2. Corruption and illicit financial flows. Research by the Global Financial Integrity (GFI) revealed that corruption and illicit financial flows have cost African countries as much as $854bn between 1970 and 2008. This amount is double the amount that Africa received as official development aid over the same period.  This financial haemorrhage has been motivated and facilitated by decades of intense financial deregulation, coupled with the emergence of tax havens where corrupt officials and criminals can easily hide their ill-gotten money away from authorities. Initiatives such as the Stolen Asset Recovery (StAR), which seeks to bring stolen capital back to where it belongs, have produced positive but limited results so far. As GFI shows, the cost of corruption and illicit financial flows seems to have been higher in countries with rich natural resources, such as Sudan and DRC. According to investigations conducted by Global Witness, the Government of the DRC is alleged to have sold off major mining concessions in secret and at prices steeply below market value, losing out on at least US$1.36bn in the process – equivalent to twice the country’s health and education budgets combined. The bulk of the money obtained is alleged to have gone, according to the investigation, to a number of offshore companies, mostly registered in the British Virgin Islands. Policy makers need to foster transparency in public affairs and tackle financial secrecy so that corrupt officials have less opportunity to siphon away public resources.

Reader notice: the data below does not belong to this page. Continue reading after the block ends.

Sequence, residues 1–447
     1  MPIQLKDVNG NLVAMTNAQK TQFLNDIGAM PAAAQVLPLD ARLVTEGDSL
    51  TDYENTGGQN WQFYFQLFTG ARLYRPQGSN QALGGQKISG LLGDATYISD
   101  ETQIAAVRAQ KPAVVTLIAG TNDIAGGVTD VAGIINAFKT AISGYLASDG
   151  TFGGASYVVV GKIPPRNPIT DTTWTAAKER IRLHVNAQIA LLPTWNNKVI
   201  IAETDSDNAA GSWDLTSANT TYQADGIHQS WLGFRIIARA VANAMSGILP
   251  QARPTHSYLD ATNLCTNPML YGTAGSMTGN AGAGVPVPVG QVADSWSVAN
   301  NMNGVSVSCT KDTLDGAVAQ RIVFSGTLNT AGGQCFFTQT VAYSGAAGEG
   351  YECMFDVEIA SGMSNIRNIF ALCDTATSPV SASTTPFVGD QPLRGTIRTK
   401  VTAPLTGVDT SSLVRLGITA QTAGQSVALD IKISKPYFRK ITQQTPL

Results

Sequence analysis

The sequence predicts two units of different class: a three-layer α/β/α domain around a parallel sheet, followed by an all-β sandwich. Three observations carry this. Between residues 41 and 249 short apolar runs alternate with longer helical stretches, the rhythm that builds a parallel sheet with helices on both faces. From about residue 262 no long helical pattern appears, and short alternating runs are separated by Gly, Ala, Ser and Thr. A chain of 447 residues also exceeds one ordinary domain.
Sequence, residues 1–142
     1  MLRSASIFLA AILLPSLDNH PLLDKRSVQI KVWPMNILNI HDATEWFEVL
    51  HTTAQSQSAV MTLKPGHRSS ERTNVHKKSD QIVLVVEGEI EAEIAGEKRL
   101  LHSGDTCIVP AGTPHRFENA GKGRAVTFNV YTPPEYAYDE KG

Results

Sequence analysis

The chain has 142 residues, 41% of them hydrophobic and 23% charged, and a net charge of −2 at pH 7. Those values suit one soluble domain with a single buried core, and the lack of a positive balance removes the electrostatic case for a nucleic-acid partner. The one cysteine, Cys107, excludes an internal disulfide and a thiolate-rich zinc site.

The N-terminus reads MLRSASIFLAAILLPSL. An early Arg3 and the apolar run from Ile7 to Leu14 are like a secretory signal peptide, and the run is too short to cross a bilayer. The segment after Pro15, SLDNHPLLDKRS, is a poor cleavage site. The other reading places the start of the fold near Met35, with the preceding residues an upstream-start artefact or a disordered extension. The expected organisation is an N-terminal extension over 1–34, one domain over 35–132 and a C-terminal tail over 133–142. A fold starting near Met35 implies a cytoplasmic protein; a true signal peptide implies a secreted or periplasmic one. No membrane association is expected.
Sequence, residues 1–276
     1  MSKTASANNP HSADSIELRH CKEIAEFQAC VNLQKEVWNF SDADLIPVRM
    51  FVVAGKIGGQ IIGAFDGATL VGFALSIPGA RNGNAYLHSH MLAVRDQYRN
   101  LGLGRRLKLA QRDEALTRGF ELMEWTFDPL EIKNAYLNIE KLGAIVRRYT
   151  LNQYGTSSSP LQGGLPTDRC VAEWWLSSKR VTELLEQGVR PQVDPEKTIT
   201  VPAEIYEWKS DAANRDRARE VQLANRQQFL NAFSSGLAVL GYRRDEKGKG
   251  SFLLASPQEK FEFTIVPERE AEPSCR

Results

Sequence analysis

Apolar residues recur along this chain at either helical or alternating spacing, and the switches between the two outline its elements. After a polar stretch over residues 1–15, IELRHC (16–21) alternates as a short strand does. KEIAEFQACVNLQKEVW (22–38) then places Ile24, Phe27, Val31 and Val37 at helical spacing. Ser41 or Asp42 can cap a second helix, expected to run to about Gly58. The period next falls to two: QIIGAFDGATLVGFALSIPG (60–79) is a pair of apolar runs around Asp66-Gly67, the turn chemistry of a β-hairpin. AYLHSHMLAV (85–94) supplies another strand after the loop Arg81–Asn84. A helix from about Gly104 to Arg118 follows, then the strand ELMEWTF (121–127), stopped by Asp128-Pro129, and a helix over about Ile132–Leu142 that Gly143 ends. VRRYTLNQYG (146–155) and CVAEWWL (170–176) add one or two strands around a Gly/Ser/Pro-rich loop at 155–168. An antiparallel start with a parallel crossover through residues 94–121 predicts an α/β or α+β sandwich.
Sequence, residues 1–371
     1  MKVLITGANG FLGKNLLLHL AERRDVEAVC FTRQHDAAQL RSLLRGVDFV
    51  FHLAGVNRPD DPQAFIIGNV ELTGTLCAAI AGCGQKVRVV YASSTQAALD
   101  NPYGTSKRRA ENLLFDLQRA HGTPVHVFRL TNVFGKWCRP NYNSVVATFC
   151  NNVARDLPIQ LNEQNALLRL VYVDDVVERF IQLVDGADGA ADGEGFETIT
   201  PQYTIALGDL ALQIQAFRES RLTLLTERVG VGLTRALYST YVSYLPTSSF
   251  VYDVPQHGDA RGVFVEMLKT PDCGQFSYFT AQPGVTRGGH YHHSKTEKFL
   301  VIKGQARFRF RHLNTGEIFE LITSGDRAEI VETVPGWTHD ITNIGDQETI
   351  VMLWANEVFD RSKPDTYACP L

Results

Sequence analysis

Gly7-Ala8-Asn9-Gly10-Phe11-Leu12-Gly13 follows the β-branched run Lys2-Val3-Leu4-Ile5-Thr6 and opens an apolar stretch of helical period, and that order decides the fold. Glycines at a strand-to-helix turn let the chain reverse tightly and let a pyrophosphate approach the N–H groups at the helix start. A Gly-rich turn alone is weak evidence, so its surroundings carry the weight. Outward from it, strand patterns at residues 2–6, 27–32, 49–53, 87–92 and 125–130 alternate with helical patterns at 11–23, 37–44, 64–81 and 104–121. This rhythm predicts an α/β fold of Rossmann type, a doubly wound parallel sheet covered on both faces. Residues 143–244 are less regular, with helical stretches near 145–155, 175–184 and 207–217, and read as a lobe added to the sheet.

3. Unfair distribution of public investment and expenditure. Inequality increases when some groups of citizens are given much better access than others to essential services like education and health, or to infrastructures such as roads or electricity. This has been the case in countries such as Kenya, Uganda or DRC, among others. For instance, violence in Kenya after the 2008 elections cannot be understood without taking into consideration what has been referred to as the ‘politics of identity’. In the countries mentioned above, for many decades, networks of patronage have benefitted specific groups of the population over others, based on factors such as ethnicity or religion, thus significantly contributing to increasing inequality.  In some cases, patronage dynamics in post-independence Africa have mirrored those established during colonialism.